The committee heard testimony from multiple community members, including retired police officers, gun rights advocates and a worship leader, most of whom were opposed to the bill as written.
The measure comes on the heels of a US Supreme Court ruling earlier this year in a case about carrying firearms in public. The high court in June ruled that Americans have a right to carry firearms in public for self-defense.
The ruling struck down a New York law that had been in place since 1913 that said to carry a concealed handgun in public, a person applying for a license had to show a specific need to carry the weapon. The law was challenged by the New York State Rifle and Pistol Association and two men who sought to carry guns outside their homes without restrictions.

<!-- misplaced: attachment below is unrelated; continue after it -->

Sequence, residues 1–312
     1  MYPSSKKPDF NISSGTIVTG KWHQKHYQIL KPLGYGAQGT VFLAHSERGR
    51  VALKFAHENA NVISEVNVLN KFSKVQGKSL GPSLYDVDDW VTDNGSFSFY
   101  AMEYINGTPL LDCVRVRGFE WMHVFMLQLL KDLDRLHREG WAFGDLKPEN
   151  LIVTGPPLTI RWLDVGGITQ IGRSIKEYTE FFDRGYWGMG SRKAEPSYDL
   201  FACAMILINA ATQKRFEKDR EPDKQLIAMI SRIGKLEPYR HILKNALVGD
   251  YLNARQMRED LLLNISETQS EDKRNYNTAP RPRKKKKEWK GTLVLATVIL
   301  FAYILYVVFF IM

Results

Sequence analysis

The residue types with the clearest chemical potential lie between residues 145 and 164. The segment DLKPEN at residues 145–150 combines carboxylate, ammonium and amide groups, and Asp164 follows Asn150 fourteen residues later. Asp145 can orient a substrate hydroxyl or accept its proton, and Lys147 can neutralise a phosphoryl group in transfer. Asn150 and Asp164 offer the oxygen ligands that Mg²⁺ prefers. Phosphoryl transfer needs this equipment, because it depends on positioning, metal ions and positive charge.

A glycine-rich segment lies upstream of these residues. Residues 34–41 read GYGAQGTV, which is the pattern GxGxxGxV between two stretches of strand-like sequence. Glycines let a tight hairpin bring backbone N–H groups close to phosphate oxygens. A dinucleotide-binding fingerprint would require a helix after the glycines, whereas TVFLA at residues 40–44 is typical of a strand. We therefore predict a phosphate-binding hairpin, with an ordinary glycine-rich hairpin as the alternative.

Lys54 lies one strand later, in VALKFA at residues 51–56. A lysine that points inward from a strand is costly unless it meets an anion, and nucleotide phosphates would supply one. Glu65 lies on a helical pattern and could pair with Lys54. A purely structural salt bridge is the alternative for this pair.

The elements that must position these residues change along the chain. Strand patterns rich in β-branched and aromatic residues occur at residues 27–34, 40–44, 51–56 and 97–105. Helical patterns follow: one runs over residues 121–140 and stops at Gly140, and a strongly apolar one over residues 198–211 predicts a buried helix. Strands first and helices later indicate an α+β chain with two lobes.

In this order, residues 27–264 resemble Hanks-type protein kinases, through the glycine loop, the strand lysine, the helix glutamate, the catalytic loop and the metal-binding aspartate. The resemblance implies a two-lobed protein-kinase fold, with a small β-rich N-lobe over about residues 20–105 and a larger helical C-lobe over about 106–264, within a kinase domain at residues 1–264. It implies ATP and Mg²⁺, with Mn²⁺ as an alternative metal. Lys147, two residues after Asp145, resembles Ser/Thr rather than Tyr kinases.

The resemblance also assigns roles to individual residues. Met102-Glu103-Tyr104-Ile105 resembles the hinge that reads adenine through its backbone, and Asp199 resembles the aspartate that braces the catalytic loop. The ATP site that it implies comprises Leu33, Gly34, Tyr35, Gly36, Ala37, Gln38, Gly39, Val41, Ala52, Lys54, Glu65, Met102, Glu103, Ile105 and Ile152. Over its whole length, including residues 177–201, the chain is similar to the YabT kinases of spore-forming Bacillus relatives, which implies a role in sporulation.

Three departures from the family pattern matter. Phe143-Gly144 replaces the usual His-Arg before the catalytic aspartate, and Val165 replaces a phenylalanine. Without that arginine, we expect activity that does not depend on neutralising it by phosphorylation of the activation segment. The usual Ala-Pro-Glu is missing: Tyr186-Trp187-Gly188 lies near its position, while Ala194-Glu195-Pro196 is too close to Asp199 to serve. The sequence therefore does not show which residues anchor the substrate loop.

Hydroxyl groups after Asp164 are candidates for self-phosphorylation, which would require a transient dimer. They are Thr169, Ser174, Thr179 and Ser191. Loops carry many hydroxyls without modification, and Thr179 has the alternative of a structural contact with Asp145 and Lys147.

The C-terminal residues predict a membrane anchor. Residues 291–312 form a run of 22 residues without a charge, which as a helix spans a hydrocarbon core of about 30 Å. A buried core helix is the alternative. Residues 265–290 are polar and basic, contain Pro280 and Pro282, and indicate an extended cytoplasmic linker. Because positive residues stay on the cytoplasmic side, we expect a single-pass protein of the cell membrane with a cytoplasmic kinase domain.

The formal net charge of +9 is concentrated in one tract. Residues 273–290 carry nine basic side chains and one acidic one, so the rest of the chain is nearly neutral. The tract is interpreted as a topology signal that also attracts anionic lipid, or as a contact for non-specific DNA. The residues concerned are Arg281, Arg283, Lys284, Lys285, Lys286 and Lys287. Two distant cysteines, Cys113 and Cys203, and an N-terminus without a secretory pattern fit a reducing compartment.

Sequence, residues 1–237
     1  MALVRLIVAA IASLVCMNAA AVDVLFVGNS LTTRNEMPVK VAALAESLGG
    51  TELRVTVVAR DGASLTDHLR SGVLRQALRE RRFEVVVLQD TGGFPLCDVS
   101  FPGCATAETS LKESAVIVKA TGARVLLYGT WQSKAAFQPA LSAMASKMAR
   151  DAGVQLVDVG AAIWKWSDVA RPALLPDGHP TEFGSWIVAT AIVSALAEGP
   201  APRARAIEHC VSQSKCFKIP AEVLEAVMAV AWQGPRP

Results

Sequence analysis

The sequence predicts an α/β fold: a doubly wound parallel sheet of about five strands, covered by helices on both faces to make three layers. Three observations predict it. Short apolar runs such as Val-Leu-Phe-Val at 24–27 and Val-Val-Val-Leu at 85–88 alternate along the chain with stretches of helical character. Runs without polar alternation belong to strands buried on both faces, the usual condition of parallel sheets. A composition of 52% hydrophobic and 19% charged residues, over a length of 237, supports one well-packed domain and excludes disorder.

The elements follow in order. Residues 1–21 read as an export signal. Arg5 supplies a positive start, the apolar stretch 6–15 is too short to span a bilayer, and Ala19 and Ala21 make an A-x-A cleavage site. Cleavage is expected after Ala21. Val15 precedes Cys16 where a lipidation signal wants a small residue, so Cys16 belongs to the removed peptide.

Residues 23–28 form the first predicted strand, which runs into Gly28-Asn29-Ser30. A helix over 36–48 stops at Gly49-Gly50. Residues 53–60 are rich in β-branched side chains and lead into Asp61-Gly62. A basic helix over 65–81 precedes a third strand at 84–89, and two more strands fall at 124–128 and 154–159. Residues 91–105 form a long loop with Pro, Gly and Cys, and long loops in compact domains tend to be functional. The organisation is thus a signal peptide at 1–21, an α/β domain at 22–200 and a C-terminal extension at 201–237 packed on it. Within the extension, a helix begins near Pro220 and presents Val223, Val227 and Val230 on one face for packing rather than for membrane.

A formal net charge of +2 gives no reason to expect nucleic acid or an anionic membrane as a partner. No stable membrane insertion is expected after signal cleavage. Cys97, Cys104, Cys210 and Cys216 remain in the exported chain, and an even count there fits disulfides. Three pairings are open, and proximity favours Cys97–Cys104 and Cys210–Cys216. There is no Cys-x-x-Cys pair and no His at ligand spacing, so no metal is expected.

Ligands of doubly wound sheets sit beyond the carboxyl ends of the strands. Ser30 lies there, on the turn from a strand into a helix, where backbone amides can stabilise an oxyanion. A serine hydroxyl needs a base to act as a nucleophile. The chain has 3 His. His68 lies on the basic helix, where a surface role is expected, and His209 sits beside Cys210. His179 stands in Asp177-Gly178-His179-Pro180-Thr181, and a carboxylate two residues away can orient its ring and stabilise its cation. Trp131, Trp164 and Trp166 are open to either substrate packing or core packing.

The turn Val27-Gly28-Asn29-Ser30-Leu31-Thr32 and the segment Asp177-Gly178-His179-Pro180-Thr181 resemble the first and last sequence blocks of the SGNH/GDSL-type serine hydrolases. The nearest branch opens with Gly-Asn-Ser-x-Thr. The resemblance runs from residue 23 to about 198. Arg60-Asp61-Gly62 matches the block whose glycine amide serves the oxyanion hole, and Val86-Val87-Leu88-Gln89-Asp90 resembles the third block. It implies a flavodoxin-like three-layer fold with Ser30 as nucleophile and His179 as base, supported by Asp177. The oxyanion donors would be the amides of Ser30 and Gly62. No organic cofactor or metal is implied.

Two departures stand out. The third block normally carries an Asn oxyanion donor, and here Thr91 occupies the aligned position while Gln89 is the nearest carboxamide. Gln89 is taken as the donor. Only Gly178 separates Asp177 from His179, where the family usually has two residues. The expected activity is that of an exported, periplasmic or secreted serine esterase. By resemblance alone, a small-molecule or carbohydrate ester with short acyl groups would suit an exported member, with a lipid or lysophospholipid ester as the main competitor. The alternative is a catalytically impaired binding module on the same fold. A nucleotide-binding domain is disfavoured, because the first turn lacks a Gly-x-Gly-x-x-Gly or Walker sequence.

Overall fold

The high court’s 6-3 decision was its first major gun ruling in more than a decade, with conservative justices in the majority and the court’s liberal justices dissenting.
In its ruling, the Supreme Court said there are places that have historically been viewed as “sensitive places” where gun restrictions could be put in place, specifically government buildings and schools. Most of the opposition to Bill 220, including from council members, was in regard to the list of proposed “sensitive places” it includes.
Chung said Monday that the places included in the bill are considered to be sensitive by the police department and the measure was vetted by county Corporation Counsel.
“I wanted to at least allow that laundry list of places that the police department felt should be included,” he said.
Chung said during Tuesday’s committee meeting that Corporation Counsel researched different jurisdictions throughout the nation, including Hawai‘i, and incorporated places into the bill that have been historically considered sensitive.
Deputy County Corporation Counsel Sylvia Wan, who did the research and worked with Ferreira to draft Bill 220, told council members that the idea was to work in concert with the Supreme Court’s decision while remaining true to the culture and customs of the state and the Big Island.